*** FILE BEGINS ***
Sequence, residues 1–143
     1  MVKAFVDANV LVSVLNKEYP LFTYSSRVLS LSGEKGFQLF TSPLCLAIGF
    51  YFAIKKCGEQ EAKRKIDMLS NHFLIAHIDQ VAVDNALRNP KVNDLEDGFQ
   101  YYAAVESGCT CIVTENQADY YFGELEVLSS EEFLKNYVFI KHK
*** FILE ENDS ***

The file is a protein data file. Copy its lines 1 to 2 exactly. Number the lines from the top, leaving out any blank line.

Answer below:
Sequence, residues 1–143
     1  MVKAFVDANV LVSVLNKEYP LFTYSSRVLS LSGEKGFQLF TSPLCLAIGF